UKAEA’s completes pilot project with industry to accelerate fusion development

The UK Atomic Energy Authority (UKAEA) has completed a pilot project working with five companies to tackle some of fusion energy’s most complex challenges.

The initiative, called the ‘Fusion Innovation Challenge’, threw down the gauntlet to industry experts within UKAEA’s Engineering Design Services framework to develop technologies that can unlock fusion’s huge potential to supply sustainable energy in a net-zero future.

Following the success of the pilot, UKAEA plans to open up more innovation challenges beyond the framework as it strengthens collaboration with the private sector to accelerate fusion development.

Fusion energy replicates the power of the sun and stars. When commercialised, it could offer abundant supplies of low-carbon electricity around the world.

UKAEA runs the UK’s national fusion research programme. It set out a series of challenges and invited companies to submit their approaches using original ideas or successful tech- or engineering-led solutions adapted from other fields.

The initial £350,000 scheme saw eleven contracts on eight topics awarded to Atkins, Frazer-Nash Consultancy, IDOM, Jacobs, and M5Tec, who collaborated with other members of the supply chain, including both industrial and research organisations.

The series of challenges tackled in the project ranged from new approaches to: machinery capable of operating in the strong magnetic fields in ‘tokamak’ fusion devices; construction of bioshields for fusion plants; designs for transferring heat in pipes within the tokamak complex; and more.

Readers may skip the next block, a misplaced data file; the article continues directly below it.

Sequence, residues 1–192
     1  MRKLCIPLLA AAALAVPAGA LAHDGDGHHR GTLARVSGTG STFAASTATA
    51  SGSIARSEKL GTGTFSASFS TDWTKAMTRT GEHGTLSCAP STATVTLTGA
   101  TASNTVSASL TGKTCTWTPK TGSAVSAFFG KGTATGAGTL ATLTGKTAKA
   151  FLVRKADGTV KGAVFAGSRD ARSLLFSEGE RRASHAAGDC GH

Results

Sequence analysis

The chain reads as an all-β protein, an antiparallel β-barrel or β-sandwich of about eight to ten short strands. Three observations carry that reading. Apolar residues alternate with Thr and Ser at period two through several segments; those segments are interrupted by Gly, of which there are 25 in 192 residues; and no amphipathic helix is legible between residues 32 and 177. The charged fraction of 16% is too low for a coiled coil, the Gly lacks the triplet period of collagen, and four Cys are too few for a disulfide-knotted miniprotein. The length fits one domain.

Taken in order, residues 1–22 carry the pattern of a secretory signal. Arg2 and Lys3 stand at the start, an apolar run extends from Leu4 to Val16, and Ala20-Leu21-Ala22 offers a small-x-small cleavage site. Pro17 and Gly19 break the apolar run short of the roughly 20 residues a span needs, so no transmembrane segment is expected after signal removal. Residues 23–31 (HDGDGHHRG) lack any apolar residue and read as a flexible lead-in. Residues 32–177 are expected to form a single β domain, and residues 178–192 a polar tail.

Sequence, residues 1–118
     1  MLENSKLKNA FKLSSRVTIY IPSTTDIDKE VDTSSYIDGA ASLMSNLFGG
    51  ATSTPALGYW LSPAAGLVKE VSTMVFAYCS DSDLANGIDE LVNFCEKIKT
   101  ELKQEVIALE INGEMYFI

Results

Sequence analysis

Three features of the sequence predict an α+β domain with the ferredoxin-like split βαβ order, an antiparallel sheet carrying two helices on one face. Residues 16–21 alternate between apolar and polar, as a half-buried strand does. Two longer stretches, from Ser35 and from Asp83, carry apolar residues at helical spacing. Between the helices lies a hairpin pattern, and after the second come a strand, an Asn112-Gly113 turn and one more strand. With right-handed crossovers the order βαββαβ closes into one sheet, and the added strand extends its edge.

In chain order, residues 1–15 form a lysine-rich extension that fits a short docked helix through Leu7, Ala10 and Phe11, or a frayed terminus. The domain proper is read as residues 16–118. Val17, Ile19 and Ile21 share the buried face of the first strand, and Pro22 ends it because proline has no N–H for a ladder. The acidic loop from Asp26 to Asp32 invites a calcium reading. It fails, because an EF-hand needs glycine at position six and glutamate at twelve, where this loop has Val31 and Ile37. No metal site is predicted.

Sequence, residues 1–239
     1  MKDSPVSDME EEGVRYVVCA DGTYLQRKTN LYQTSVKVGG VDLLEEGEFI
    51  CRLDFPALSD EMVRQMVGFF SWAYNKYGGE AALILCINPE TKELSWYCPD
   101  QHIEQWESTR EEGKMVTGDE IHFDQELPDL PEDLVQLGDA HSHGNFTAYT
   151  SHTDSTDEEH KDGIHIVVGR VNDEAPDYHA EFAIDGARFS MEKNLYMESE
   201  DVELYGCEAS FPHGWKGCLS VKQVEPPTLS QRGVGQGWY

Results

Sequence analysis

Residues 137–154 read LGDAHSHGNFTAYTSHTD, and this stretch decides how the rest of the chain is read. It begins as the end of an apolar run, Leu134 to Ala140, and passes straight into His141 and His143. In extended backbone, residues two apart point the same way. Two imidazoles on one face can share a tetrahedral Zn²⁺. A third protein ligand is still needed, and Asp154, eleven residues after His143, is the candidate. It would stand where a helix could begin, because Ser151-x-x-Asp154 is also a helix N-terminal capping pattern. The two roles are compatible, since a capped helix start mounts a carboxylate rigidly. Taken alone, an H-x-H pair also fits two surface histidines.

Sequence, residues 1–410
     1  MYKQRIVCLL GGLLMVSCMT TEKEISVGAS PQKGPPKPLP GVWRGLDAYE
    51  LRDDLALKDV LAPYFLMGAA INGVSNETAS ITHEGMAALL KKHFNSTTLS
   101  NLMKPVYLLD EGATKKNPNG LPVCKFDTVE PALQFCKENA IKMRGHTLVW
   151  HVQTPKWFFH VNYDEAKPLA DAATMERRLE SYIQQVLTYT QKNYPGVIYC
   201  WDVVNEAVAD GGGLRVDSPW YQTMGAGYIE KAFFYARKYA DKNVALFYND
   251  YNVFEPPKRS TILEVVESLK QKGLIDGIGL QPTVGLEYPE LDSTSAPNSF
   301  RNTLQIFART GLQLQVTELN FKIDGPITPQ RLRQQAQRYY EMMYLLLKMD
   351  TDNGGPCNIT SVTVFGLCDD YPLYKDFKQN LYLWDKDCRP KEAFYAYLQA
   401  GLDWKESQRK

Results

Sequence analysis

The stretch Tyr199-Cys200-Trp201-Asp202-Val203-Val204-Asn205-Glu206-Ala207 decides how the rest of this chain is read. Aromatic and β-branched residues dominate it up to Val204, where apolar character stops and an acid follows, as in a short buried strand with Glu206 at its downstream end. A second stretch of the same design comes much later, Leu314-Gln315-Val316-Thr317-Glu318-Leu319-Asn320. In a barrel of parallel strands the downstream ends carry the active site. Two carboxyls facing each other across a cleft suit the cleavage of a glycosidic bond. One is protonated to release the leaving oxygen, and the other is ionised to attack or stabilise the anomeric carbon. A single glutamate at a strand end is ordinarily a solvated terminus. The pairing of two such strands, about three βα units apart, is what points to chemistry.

The pilot project has produced new technologies that address these challenges. It has also shown the value of transferring expertise from other sectors and looking at fusion development from new perspectives.

UKAEA’s Chief Technology Officer Tim Bestwick said:
“Fusion could make a vital contribution to future low-carbon energy production. Collective problem-solving and the latest innovations in materials and other technologies will help us to overcome the remaining technical challenges.

“This successful pilot scheme has seen UKAEA working with industrial partners to address such challenges. It is an approach we believe is very much part of the future of fusion energy development.”

Notes

UK Atomic Energy Authority

The UK Atomic Energy Authority (UKAEA) carries out fusion energy research on behalf of the UK Government at Culham Science Centre near Oxford. UKAEA oversees Britain’s fusion programme, headed by the MAST Upgrade (Mega Amp Spherical Tokamak) experiment. It also hosts the world’s largest fusion research facility, JET (Joint European Torus), which it operates for European scientists under a contract with the European Commission.

Fusion research at Culham is funded by the Engineering & Physical Sciences Research Council (EPSRC) and by the European Union under the EURATOM treaty.

Fusion energy

Fusion has huge potential to supply electricity that is carbon-free and inherently safe, with abundant and widespread fuel resources (the raw materials are found in seawater and the Earth’s crust).

Fusion is the process which powers the sun and all stars, and researchers aim to develop this for a new large-scale source of cleaner energy here on earth. When light atomic nuclei fuse together to form heavier ones, a large amount of energy is released. To do this, fuel is heated to extreme temperatures, hotter than the centre of the sun, forming a hot gas or ‘plasma’ in which fusion reactions begin to occur.

A commercial power station will use the energy produced by fusion reactions to generate electricity. The leading design for a commercial fusion device is known as a ‘tokamak’. This is a magnetic container which confines the hot plasma fuel, allowing fusion reactions take place.

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